Wednesday, June 04, 2014

New Russia can no longer reunify with a Kiev-led country

The fights in the Novorussian Confederacy – the newly declared union of the Donetsk People's Republic and the Luhansk People's Republic – continue and we have gotten used to this sad situation, to women and children who have to live in basements, to save their lives from hostile airstrikes organized by the Maidan regime that has declared the whole large ethnic population of what used to be Ukraine as terrorists and that is working 24/7 to invade the newly born republics and to violently force everyone to obedience.
Sad news in climate science: George Kukla, a Czech American who would be a Nixon adviser and who would suggest as early as in 1972 that people should think about global warming, passed away on Monday. Later, he would become a prominent climate skeptic and even an advocate of "global cooling". Kukla was close to ex-president Klaus and may also be viewed as one of the top five scientists who have convinced the U.S. not to sign to the Kyoto protocol.
Like Slobodan Miloševič, Saddam Hussein, and other villains of ethnic cleansing, it is very clear now that the likes of Arseniy Yatsenyuk, Oleksandr Turchynov, and now even Petro Poroshenko deserve nooses. It is also self-evident, however, that many people will have to die before the basic justice may be restored. The ethnic cleansing will continue for quite some time. The fascist junta in Kiev just boasted that it has murdered 300 citizens of New Russia just in the last 24 hours. 300 murders a day is what some American officials praise as "restraint".

Putin's Russia is trying to convince – completely unsuccessfully, of course – the fascist junta to negotiate with the representatives of the large chunk of the population that doesn't want to be reunified with a Ukraine whose governments are being formed in this way, mostly by aggressive fascist mobs on the street. So far, Putin and his pals are doing nothing material to help the suffering population at all.

But can you imagine how much the folks in Donetsk, Slavyansk, and other cities have to hate the acting government in Kiev? Hundreds of their men – some of the most courageous men – are dying every day. They're relatives and friends of many other people, mostly but not entirely Russian-speaking people. Many of these survivors – especially women – have exactly the same opinions as the Novorussian warriors. The only reason they don't fight is that they don't know how to fight.

Donetsk would be a relatively prosperous city just a few months ago. It was very hospitable and alright when it was hosting my hometown's soccer team, FC Viktoria Pilsen. Pilsen defeated Donetsk – a far richer team owned by Ukraine's wealthiest man – to continue in the Champions League before it was eliminated by Lyon in the following interaction. But things worked. The economy was producing things. People were doing ordinary things on the street. Now, a large part of life in the city was made disappeared.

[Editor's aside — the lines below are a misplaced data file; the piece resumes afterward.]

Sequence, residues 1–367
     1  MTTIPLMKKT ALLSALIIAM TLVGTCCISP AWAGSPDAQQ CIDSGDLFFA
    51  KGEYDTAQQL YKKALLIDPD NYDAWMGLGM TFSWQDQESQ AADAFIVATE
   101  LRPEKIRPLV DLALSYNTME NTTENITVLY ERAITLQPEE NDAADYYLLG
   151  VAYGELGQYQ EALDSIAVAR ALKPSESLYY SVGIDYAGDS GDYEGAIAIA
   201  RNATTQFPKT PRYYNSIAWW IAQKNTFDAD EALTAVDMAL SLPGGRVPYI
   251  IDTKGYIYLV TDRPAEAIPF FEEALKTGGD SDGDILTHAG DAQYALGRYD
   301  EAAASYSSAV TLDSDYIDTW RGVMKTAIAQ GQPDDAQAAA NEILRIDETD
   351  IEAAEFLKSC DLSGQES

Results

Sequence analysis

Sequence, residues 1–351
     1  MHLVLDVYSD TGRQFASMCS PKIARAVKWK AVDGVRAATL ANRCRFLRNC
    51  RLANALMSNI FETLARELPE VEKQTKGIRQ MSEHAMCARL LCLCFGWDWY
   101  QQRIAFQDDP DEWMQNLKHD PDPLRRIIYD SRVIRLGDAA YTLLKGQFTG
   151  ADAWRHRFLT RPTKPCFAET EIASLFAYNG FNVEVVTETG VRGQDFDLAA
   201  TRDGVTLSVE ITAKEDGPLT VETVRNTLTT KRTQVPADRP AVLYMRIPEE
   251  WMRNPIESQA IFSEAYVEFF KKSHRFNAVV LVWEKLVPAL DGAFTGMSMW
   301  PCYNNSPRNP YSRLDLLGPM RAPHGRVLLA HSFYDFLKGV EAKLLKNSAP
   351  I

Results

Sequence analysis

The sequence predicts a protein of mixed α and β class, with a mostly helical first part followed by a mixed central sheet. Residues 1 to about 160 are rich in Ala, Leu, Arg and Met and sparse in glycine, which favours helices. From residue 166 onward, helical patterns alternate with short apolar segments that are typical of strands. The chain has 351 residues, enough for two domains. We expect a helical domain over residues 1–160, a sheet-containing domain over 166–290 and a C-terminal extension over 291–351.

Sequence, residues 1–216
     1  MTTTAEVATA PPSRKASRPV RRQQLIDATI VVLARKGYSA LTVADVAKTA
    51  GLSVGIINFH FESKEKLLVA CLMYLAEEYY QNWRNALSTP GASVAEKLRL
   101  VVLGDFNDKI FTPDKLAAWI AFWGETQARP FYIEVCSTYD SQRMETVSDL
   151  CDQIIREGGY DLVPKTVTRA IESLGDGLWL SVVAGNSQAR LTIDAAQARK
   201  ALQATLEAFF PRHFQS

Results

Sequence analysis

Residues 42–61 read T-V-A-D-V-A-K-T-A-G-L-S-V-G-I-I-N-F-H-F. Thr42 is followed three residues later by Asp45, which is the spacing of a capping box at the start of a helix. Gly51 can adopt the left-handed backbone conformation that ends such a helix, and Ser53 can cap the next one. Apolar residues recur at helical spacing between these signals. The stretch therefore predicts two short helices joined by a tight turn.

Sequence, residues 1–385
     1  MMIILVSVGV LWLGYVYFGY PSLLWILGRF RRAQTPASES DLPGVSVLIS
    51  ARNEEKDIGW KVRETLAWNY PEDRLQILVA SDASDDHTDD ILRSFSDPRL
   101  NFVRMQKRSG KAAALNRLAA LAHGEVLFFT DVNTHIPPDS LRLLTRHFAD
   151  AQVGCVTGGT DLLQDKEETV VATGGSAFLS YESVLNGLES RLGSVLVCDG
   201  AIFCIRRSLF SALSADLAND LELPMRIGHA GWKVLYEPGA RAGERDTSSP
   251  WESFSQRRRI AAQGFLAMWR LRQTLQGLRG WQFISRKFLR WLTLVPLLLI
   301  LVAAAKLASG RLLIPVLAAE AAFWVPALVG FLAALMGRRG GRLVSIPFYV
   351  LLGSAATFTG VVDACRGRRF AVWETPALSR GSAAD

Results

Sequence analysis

There are millions of people who must be viscerally hating the perpetrators of the crimes against the population of what used to be a part of Ukraine – and everyone who supports them or enables their hyenic acts. Roughly speaking, there are two possible scenarios. Either the Kiev junta exterminates millions of people, or it will keep on facing millions of people who find their being governed by a similar Kiev junta utterly unacceptable – much more unacceptable than just half a year ago when the relationships between the ethnic groups in Ukraine were pretty much fine (if compared to the present ones).

Let me suppose that the world – and perhaps even the seemingly hopelessly brainwashed West – would wake up in the first case, when millions of people would be exterminated by the fascist junta. At the end, the perpetrators would hopefully be punished by the international community, or Russia's patience would finally stop. If we eliminate this option of a megascale genocide, we're facing the second option: the most open Novorussian warriors will have been murdered but Kiev will still face a hostile, unmanageable territory. Do they really want to control such a territory where almost everyone will be against them? I assure them that if they are at least slightly rational, they don't want such a thing. They should realize that they should allow the people of New Russia to leave the union much like the Czechs calmly allowed the Slovaks to gain the independence, if I simplify the Czechoslovak situation of 1992 a little bit.

Meanwhile, various angry and bloody "professionally Eastern" European nations – those who want to blame the Russian nation for their own inferiority forever – are doing everything they can to strengthen the war rhetoric and increase the tensions. Irresponsible politicians in the U.S. and elsewhere listen to these hateful people and NATO is increasing its presence in Europe. They think that they benefit if they start preparing a big war. Generally, it may work like that except that it doesn't seem to work for them right now. Putin's approval rate goes up but theirs isn't. Maybe they should consider a possibility that they're doing something fundamentally wrong. Most people just don't want a useless war, especially not against the innocent Russian Federation.

Thankfully, at least the otherwise unspectacular Czech government realizes that this trend is a path promoted by hateful and stupid people. The government led by Mr Sobotka opposes NATO's increased presence in Europe while the Czech president Zeman says that the increased presence is OK if it is symbolic. Both of these relatively calm attitudes are probably exceptional in the post-socialist Europe where Russophobia is the king. Well, our Slovak brothers also refuse new NATO troops on their territory. Of course that we have mindless warmongers in the government, too. The hardcore leftist demagogue and the minister of foreign affairs Mr Zaorálek – who is normally full of populist conspiracy theories directed against the wealthy, exactly the kind of junk that doesn't belong to the Western civilization – is one of the leaders of the warmongering today. It is probably no coincidence that these two political features are unified in a single person.